You knew the New York Islanders weren't going to feel sorry for the Penguins. So what that the Penguins lost captain Sidney Crosby during the first shift Saturday after Crosby took a puck in the mouth and ended up in the hospital for oral surgery? So what that they lost star winger Chris Kunitz late in the second period after he put Islanders center Josh Bailey into the boards and was given a five-minute checking-from-behind penalty and a game misconduct? So what that the Penguins showed up at Consol Energy Center in the morning and learned they would be without defenseman Paul Martin for at least six weeks with what's believed to be a broken left wrist or hand? So what that they knew they wouldn't have defenseman Kris Letang, out for another few days with what's thought to be a broken toe, and goaltender Marc-Andre Fleury, who wasn't quite ready to play because of a neck injury? The Islanders weren't going to ease up. They are a desperate hockey club, fighting for a playoff spot. They kept coming after the Penguins, wave after relentless wave.
What was important is that the Penguins didn't feel sorry for themselves.
Penguins 2, Islanders 0.
The winning streak is at 15 games with no end in sight.
"We're never going to feel sorry for ourselves," said forward Craig Adams, one of the many stars in the win. "We've still got a lot of great players in here. Obviously, not having those guys makes the task tougher because they're great players who have helped us win a lot of hockey games. But we're still pretty confident that, even if we're without one or two, we can still play our game and win."
One or two?
How about five?
An All-Star team, really.
"Hopefully, most of those guys won't be out too long so we don't have to find out how we do without them," Adams said.
The time line has been set, relatively speaking, for Martin and Letang. A year ago, many people would have cheered Martin's injury. It's a tribute to him that those same people worry now about how the Penguins will do without him. Fleury should be fine for the home game Tuesday night against the Buffalo Sabres. Kunitz could be suspended for his hit on Bailey, although the feeling among Penguins management was that the game misconduct will satisfy the NHL office.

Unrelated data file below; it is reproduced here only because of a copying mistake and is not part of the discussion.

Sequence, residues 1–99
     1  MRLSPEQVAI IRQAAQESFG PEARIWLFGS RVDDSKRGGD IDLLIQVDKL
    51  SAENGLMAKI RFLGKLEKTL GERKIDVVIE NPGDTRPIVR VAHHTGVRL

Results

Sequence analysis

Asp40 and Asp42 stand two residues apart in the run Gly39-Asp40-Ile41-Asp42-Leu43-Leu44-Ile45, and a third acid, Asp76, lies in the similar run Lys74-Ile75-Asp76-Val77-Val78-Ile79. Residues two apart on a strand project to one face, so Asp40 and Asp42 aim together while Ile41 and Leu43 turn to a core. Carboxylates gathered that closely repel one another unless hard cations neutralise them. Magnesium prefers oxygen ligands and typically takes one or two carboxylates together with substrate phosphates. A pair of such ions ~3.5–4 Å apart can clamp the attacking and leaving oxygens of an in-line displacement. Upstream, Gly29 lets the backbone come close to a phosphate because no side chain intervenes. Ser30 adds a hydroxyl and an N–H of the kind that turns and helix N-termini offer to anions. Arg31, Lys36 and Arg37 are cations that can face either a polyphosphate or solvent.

The concern is about Crosby.
The Islanders' Brad Boyes deflected a slap shot by Penguins defenseman Brooks Orpik into Crosby's mouth. Crosby went down, gushing blood, but quickly bounced up and skated to the bench and locker room.
"I saw the replay and it looked like he lost sight of the puck," Adams said. "He didn't even try to get out of the way."
It's natural to think broken jaw or concussion when you see such a horrible thing. It's especially easy to fret about Crosby, whose history of head and neck injuries has been well-documented.
Penguins officials had no update on Crosby's condition even 2 1/2 hours after the game.
"Hopefully, it's just a couple of teeth and nothing more," Penguins defenseman Mark Eaton said.
Crosby should consider taking the day off the next time the Penguins play the Islanders. He took a puck to the face when the teams played Feb. 5 on Long Island, needing six stitches in his left nostril. He took another puck in the face and had his nose bloodied in a game March 29, 2012, on Long Island.
This time, Crosby didn't return.
What a crying shame it will be if Crosby has to miss much playing time. He is running away with the NHL scoring title with 56 points.
"I can't imagine the guy playing better than he's been playing," Adams said. "He's been great, and his line has been great."
"He's been amazing," Penguins winger Matt Cooke said of Crosby. "The puck just seems to stay with him wherever he goes. Even when he loses it, he gets it back. It really is amazing."
You want to talk amazing?
How about how things often work out in sports?
After the Penguins traded for winger Jarome Iginla Thursday, there was much public angst about how coach Dan Bylsma would use him. Some people screamed Iginla should go on Crosby's line. Others yelled he belonged with Evgeni Malkin and James Neal.
Bylsma put Iginla with Malkin and Neal, choosing to leave the Kunitz-Crosby-Pascal Dupuis line -- the best in hockey this season -- alone. Neal scored the second goal against the Islanders, his 18th of the season but his first goal in 10 games.
And what happens to the Crosby line?
Crosby gets hurt and Kunitz gets thrown out of the game.
The same thing happened with the Penguins defensemen.
When Douglas Murray was acquired from the San Jose Sharks Monday, the team seemed to have too many. Then, Martin got hurt blocking a shot against the Winnipeg Jets Thursday night, joining Letang on the injury list. The Penguins needed Deryk Engelland and Simon Despres against the Islanders. Those guys helped goaltender Tomas Vokoun pitch the team's third consecutive shutout.
The Penguins also needed Eaton, as it turned out.
Eaton, Adams and Cooke were on the ice for all 1:55 of a 5-on-3 advantage that the Islanders had, starting late in the second period and carrying into the third. The Islanders' power play -- No. 1 in the league on the road -- managed just one shot on Vokoun.
The arena rocked.
Not long after that, Cooke scored the winning goal and the Penguins had what might have been their most satisfying win of the streak.
"In the playoffs, you're not going to have everyone healthy at the same time," Eaton said. "It's good to win with different lineups. I think that bodes well for us."
"It makes you a better hockey team," Cooke said. "But, really, what else are you supposed to do? It doesn't matter who you have or who you don't have.
"You still have to show up and play."
And, in the Penguins' case, win.
First Published March 31, 2013 4:00 AM